November 15, 2017
Using art to reflect Indigenous experiences during Canada 150+
Face to Face art exhibition features Canadian youth from the last 150 years to draw attention to Canada’s cultural diversity
A University of Waterloo professor and artist is launching an exhibition that includes portraits of contemporary university students and historical images of Indigenous youth to broaden the narrative about Canada’s history during its 150th anniversary.
Eva McCauley, a Waterloo alumnus and adjunct professor in the Department of Fine Arts, invites students, faculty, and community members to attend the opening night of Face to Face on Thursday, November 16, 2017 from 5 pm to 8 pm in Artery Gallery in East Campus Hall. The project is in celebration of Canada’s 150th+ anniversary year.
The Canada 150+ initiative was launched by the Urban Aboriginal Peoples Advisory Committee in Vancouver as way to include Indigenous culture and history in Canada’s anniversary celebrations.
“I'm using the 150+ to make a point about the importance of being more inclusive of the Aboriginal experience in relation to the sesquicentennial, and challenge the enduring myth that Canada was empty and in need of ‘civilizing’ prior to 1867,” said McCauley. “My hope is that a truer and less simplistic narrative emerges … and acknowledges the trauma and genocidal actions experienced by the Aboriginal populations.”
The collection consists of 16 contemporary oil paintings of Waterloo Fine Arts students and 24 historical mixed-media pieces of Canadian youth. The paintings are intended to provide a loose narrative of the last 150 years.
McCauley was initially inspired by the openness and generosity of her fine arts students to pursue the project. “I was thinking how I would like to approach the 15/150 grant and I felt quite stuck by the diversity in my class which has been increasing over the years I’ve been teaching at the university,” she said.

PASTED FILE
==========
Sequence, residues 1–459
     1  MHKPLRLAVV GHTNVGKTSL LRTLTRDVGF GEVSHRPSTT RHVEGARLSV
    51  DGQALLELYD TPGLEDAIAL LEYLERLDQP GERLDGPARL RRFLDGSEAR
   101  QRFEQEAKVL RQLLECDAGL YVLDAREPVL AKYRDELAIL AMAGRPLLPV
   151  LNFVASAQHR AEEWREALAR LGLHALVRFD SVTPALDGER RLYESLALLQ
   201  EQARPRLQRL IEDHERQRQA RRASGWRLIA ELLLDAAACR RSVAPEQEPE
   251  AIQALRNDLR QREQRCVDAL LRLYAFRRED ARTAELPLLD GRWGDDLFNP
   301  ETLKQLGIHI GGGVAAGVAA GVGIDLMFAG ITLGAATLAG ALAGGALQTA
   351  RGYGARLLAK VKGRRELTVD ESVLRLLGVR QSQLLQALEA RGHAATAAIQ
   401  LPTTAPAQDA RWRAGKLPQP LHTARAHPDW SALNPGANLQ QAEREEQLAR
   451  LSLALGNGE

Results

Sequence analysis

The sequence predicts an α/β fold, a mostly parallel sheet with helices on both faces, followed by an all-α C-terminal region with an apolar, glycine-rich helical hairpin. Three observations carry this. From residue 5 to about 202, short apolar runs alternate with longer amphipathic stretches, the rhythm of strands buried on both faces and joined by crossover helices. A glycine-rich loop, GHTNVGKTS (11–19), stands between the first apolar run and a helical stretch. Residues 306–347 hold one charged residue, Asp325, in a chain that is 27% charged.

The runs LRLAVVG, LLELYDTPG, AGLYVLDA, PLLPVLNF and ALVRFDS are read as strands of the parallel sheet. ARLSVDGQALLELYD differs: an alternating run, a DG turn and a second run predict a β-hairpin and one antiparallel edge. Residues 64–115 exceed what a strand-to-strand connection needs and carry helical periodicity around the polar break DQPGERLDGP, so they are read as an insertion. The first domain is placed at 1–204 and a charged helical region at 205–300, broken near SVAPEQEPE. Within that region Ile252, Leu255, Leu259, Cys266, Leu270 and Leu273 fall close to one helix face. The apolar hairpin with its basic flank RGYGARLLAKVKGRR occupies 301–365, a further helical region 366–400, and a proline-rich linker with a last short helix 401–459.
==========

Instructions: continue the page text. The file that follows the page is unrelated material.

For the historical aspect of the project McCauley chose to utilize images of youth from the Library Archives Canada, as well as the Region of Waterloo Archives, with a particular focus on the assimilation of Indigenous children by European settlers.
“My inclusion of the images of Aboriginal youth, in this series of paintings, is a gesture of respect, recognition and honouring them as our nation's original inhabitants … and supporting the process of rebuilding and reclaiming what was lost,” said McCauley.
“I like this one because it gets the idea of the colonization process across, the cultural genocide that occurred and the pressure that was placed on aboriginal youth to discard their customs,” said McCauley in reference to one of the paintings in the historical portion of her collection.
McCauley uses a combination of photocopy transfers of historical photographs, oil paint, and bees wax for her historically-inspired pieces to encourage her audience to reflect on how historical events are interpreted.
“This construction questions the idea of photography as an accurate record of history and reality,” said McCauley.
The project will be on display in the Artery Gallery until November 18. The works will also be on display at the Rotunda Gallery in Kitchener from January 3 to January 31, 2018 and on Eva McCauley’s website. For more information about the project please visit the 15/150 Arts Fund website.